Record-keeping and GCP

ICH GCP also requires a thorough approach to record keeping, the handling of data and the statistical analysis of results. Individuals involved in these tasks should be qualified and trained. This applies not only to the medical staff but also to those specialists such as computer staff who validate the computer systems and to the statistical specialist employed to plan and analyse the data. Adverse events are required to be monitored and reported to the IEC and to the pharmacovigilance sections of the health authorities when serious, unexpected or related to the treatment. The reporting requirements to the health authorities vary from country to country. Source documents such as ECG recordings, laboratory data, subject diary cards and subject records should be kept for audit trail purposes. The subject's medical history needs to be actively sought to avoid violations of the inclusion criteria and to protect the subject from harm. A national volunteer register could be suggested to eradicate ‘professional’ volunteers.


Monitors should confirm the accuracy of the data as well as protocol compliance. Most independent researchers have relied on a member of their own staff or themselves to conduct the so-called source data verification. In the past, inspectorates have found major deficiencies between source documents and the Case or Clinical Report Form. The use of independent monitors although costly, has to be encouraged to achieve adequate quality control to GCP standards. However, the independent monitor may not be required in every clinical trial for noncommercial research. This additional cost can sometimes be saved if a suitable risk analysis has been performed and documented, the research personnel are appropriately trained and a suitable quality system is in place.

Facilities and equipment

GCP requires that suitable facilities and appropriate study drugs be used for clinical trials. This will include laboratories that work to the principles of Good Laboratory Practice, validated computers [14], secure archives for both paper and electronic documentation, and proper resuscitation facilities meeting the requirements of such organizations as the Resuscitation Council (UK) [15]. Study drugs will need to be prepared to the principles of Good Manufacturing Practice [16] with all the accompanying documentation. The EU Directive acknowledges that some noncommercial clinical trials may rely on pharmacy preparations of study drugs rather than extensive manufacturing procedures associated with a commercial study and sponsor.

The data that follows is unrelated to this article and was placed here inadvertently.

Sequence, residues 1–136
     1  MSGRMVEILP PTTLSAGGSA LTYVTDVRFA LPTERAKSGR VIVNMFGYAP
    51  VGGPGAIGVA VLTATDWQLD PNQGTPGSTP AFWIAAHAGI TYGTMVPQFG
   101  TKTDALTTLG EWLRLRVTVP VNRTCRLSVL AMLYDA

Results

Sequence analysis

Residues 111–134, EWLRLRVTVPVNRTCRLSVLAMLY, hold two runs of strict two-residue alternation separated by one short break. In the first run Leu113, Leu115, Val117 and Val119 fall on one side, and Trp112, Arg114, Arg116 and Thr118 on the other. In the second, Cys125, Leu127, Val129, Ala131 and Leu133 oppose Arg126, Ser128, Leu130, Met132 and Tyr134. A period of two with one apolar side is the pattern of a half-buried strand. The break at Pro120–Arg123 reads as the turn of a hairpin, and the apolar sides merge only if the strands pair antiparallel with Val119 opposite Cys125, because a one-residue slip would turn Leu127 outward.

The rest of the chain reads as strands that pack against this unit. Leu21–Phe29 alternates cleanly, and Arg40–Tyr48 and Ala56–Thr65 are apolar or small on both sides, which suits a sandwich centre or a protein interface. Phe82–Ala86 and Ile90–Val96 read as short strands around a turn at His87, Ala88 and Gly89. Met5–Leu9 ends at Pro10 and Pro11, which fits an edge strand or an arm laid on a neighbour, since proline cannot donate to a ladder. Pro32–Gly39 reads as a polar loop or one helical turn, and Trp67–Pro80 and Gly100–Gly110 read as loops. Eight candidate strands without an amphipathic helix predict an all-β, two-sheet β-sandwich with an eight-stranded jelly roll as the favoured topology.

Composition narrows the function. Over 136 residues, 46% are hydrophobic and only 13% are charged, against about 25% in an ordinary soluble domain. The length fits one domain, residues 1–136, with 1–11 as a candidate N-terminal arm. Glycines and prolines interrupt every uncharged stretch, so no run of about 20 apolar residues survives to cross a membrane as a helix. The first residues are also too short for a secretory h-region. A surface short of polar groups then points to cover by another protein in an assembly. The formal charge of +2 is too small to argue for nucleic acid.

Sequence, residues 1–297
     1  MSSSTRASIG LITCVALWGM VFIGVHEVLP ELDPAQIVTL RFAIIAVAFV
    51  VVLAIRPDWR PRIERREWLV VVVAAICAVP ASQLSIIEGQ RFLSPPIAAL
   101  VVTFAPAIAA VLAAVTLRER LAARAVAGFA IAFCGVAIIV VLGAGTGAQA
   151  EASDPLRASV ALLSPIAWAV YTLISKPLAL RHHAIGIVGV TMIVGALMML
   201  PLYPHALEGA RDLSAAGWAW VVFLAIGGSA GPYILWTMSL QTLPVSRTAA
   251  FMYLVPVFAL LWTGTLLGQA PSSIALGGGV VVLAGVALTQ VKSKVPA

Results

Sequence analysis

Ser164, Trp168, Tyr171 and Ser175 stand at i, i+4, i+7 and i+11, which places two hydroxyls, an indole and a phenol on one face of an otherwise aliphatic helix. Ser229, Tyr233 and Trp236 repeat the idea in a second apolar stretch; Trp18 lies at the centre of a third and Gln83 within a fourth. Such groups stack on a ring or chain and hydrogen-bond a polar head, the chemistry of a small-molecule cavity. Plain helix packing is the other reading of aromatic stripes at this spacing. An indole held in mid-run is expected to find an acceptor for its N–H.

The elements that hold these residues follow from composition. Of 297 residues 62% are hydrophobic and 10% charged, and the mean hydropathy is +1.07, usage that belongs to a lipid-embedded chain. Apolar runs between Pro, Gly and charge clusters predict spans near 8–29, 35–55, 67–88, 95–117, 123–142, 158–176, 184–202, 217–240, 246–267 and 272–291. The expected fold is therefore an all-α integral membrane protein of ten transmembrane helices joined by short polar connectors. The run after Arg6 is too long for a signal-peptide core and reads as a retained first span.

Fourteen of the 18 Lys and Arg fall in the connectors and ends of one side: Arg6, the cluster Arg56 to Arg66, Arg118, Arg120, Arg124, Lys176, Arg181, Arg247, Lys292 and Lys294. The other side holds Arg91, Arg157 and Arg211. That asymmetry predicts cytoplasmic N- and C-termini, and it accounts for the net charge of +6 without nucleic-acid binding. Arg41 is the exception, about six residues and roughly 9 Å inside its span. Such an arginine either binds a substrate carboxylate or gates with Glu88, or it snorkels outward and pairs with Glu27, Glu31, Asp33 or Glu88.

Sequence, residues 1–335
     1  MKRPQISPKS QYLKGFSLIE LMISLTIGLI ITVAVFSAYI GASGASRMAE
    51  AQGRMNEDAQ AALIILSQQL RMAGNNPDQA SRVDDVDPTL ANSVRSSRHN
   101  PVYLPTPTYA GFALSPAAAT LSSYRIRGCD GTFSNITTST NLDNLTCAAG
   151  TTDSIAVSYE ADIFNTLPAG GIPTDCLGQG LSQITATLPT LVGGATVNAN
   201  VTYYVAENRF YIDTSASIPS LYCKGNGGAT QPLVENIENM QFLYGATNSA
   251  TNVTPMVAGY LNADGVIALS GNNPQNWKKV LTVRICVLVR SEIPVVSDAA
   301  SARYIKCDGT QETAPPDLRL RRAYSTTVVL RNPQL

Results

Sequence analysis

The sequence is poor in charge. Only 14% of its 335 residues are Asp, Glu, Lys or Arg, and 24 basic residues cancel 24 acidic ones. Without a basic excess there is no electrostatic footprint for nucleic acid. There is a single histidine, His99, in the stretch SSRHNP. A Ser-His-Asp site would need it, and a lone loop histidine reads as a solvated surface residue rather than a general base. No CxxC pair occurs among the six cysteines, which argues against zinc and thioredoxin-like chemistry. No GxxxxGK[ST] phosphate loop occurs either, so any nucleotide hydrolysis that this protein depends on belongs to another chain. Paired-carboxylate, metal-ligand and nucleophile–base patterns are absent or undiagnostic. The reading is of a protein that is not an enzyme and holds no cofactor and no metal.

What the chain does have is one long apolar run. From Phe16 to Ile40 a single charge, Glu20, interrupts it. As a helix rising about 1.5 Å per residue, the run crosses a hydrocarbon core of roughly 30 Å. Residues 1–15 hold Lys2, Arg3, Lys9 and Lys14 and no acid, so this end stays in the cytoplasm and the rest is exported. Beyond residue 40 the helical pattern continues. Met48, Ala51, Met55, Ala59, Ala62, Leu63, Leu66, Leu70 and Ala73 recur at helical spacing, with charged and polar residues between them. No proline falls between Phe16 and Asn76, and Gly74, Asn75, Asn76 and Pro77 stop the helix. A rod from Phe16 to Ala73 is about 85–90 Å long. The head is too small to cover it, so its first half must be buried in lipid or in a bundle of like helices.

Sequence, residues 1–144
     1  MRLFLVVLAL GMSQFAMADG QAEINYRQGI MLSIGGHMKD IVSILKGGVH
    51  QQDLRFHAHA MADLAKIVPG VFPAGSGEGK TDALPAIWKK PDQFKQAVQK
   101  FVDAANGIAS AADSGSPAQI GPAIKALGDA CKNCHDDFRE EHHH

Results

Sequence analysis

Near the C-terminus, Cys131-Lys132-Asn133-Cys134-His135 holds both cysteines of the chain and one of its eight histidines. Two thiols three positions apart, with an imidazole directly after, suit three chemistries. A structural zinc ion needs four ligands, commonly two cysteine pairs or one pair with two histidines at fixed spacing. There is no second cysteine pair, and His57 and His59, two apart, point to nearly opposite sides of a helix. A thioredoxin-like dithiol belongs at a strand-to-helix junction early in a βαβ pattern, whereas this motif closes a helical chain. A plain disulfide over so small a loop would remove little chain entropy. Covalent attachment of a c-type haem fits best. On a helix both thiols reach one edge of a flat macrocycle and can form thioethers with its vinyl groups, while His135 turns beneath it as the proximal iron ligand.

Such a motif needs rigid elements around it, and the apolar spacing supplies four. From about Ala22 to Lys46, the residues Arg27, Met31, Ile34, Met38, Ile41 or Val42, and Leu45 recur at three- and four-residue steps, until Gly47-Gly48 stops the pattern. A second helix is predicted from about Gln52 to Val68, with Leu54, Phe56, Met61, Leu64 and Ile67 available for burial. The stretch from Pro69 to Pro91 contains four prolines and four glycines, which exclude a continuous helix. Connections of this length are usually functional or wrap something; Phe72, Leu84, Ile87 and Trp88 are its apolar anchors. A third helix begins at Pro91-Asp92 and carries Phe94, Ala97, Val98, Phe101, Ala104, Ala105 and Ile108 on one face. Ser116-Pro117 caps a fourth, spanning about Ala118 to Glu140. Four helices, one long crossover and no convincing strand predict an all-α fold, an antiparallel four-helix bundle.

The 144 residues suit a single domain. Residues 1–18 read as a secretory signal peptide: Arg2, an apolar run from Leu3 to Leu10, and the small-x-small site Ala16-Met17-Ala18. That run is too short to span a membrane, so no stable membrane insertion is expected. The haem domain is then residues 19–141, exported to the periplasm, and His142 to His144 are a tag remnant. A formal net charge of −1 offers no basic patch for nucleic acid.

Quality assurance and outsiders

Another effect of GCP and the EU Directive on the clinical pharmacologist is the increased influence from independent individuals and institutions. Apart from the role of the IEC and in some cases the use of the independent monitor, external auditors and inspectors from quality assurance (QA) units and government agencies will be involved. QA auditors will be employed to review clinical trials and give advice in preparation for future government inspections. One of the main roles of the QA auditor will be to establish whether there are adequate quality control procedures in place. Government inspections will not be undertaken for all studies. The volume of work and cost prevents such an undertaking. It is anticipated in the UK that cyclical, mandatory GCP and GMP inspections (where applicable) of units involved in clinical pharmacology studies will take place when the EU Directive is implemented.

This perceived ‘policeman’ role by QA and the inspectorate could appear very intrusive. ‘Outsiders’ will review medical records and other confidential source documents. The subject's permission will need to be obtained and documented during the consent procedure before their confidential documents are examined. To some independent researchers, these additional checks on their professionalism can be destructive. They would argue that their work is already of a high standard and does not need these additional inspections. The independent researcher could suggest an alternative approach that depends on the individual clinician and their staff self-monitoring their work. In the past, this has resulted in inadequate data from poorly designed trials leading to unsound scientific publications and additional studies. Sometimes, this has caused incorrect assumptions and possible hazards to patients. If the quality assurance process is treated in a constructive manner, much can be gained.